Why Are Intrapreneurs So Valuable to a Company?
You may think, “Hmmm… Wouldn’t these kinds of people be perceived as a threat to a company’s success? And wouldn’t they just take off the second something better came along?”
But it’s actually to a company’s advantage to have employees who take ownership of their work. Employees who feel like their talent and contributions matter (for real) will work smarter, feel more satisfied, and bring forth their best ideas—which will ultimately become the company’s ideas and products.
Some may fear that allowing employees to be too innovative will lead to folks using what they do at work to benefit their own side hustle. However, even if that’s the case, there’s nothing wrong with it, as long as there’s no conflict of interest (for example, working on outside projects during work hours or working on something that’s a direct competitor to the company).
Why Should You Be an Intrapreneur, and How Can You Be One at Any Company?
So as you’re thinking of ways to grow your career, consider how the mindset of an intrapreneur is also an asset to your own brand and success. Sure, your ideas are going toward a company’s vision, but you know where else they’re going? Into your resume and LinkedIn profile—your own portfolio!
Every successful initiative you’re a part of gives you concrete examples of scenarios when you took action and delivered results. This increases your potential to make more money and access more growth opportunities down the road (for example, a promotion, a new role you get to define, or a completely new start somewhere else). Plus, being an intrapreneur allows you to pursue a passion project with the added benefit of having a company’s resources and budget—as opposed to having to start from scratch and launch it all on your own.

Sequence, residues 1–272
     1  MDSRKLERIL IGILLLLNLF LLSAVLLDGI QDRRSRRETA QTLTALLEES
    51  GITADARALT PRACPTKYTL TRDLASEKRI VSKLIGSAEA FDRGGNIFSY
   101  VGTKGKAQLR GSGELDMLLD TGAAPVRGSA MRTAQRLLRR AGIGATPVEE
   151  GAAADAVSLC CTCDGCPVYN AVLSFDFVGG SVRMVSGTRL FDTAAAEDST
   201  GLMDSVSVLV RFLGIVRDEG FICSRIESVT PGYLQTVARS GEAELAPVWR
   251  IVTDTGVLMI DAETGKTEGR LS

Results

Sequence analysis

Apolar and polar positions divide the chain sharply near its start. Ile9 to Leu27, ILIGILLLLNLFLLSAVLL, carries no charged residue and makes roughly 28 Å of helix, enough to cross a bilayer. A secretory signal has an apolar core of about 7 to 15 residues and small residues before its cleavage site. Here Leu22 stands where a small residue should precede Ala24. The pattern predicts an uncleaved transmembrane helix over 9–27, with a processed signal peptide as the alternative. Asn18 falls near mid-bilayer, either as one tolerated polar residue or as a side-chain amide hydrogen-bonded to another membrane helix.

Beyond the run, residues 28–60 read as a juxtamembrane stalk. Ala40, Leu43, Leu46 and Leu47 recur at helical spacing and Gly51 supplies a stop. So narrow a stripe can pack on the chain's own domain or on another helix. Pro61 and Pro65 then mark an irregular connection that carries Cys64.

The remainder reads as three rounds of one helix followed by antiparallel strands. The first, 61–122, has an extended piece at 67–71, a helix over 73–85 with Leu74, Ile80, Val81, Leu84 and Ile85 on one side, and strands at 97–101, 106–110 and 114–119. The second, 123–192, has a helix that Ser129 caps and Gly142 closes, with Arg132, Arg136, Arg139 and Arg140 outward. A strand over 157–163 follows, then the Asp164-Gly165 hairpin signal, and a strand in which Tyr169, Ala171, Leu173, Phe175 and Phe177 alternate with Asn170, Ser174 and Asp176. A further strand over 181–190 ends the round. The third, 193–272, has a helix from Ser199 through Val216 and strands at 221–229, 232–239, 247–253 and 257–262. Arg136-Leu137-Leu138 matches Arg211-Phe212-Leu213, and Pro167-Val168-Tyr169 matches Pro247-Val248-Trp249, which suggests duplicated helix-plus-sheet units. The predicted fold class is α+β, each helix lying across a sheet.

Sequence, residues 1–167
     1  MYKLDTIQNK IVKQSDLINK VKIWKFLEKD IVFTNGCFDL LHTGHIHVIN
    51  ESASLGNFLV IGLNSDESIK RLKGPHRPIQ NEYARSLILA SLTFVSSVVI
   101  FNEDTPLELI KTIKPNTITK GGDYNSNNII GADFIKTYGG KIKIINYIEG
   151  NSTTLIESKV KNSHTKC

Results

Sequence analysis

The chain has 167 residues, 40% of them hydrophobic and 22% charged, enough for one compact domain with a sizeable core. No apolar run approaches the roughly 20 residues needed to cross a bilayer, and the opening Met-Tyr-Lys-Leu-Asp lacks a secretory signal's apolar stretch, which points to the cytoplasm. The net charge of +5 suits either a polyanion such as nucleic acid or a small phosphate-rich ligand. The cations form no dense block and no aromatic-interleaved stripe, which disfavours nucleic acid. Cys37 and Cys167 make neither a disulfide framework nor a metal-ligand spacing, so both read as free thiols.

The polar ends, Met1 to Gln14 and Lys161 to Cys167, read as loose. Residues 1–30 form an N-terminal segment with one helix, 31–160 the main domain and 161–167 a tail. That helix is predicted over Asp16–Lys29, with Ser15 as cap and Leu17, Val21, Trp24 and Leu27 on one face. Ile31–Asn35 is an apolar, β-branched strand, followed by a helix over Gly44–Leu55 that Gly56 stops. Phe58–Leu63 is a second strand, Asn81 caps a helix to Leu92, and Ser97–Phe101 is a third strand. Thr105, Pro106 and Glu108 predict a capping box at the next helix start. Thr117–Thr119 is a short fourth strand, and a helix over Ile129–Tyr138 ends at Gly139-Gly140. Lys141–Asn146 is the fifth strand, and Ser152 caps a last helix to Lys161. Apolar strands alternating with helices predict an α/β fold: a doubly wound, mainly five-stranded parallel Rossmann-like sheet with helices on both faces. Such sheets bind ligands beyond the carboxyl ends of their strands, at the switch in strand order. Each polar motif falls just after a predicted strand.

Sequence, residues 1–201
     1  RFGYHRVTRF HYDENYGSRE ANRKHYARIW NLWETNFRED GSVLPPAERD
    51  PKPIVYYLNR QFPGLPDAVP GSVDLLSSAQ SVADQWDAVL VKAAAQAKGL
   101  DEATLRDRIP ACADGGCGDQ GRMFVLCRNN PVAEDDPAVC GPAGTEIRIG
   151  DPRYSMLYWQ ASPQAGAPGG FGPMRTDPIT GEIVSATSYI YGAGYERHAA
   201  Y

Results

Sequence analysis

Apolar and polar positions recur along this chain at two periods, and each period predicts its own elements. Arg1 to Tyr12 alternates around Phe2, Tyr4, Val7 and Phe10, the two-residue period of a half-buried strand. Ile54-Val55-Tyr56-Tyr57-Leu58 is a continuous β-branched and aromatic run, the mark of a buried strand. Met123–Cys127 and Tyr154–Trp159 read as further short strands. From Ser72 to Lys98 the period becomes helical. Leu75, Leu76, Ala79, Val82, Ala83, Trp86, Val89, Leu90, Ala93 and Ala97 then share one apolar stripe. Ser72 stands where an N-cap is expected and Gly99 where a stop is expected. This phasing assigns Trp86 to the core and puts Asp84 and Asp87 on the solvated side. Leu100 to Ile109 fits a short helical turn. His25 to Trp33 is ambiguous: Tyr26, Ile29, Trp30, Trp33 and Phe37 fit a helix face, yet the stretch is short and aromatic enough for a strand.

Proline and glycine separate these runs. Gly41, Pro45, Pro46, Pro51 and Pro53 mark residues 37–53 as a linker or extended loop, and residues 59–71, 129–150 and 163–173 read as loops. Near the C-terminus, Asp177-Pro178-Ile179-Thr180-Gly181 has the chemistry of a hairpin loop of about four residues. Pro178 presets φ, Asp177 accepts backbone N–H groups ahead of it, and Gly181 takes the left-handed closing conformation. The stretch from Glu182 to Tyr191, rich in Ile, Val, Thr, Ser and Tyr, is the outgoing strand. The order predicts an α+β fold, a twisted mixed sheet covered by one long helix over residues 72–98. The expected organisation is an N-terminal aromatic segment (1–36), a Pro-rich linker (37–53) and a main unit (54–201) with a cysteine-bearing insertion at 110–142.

As an intrapreneur, your experience is tied to in-demand skills that are transferable anywhere you go, instead of a specific job title.
Here’s how you can start to think and act like an intrapreneur at your company—no matter how formal or traditional it may be:
Instead of waiting for directions (or for a problem to arise), get the ball rolling to spark the necessary actions to be taken. This can mean sending an email, following up on a discussion, or suggesting a meeting when an idea pops into your head.
Adjust to Change (Quickly)
Sometimes unplanned situations come up and you have to immediately drop what you’re working on and switch gears. Be flexible and open to change so that you’re always ready to roll up your sleeves and re-focus your priorities as needed.
Rely on Probing Questions
Gather as many details as possible before making decisions by asking open-ended, probing questions—think questions that begin with “what,” “why,” or “how.” This will instantly help you make smarter and faster choices.
Challenge the Status Quo
If you think there’s a way to make a process better, don’t be afraid to do something about it if it’s within your control. Start by testing your idea within your own role, and then share your improved process (and results!) with your team.
Track Your Accomplishments
Remember when we talked about how intrapreneurs are always adding experience to their portfolios? Do the same by keeping track of your own accomplishments throughout the year so that you can show exactly what projects you spearheaded, should you ever need to.
Intrapreneurs are in demand simply because they make companies run better. Employees stay in their roles long-term because they’re challenged and fulfilled by the work they’re doing, and companies thrive because they retain the best people and best ideas—it’s a win-win for everyone.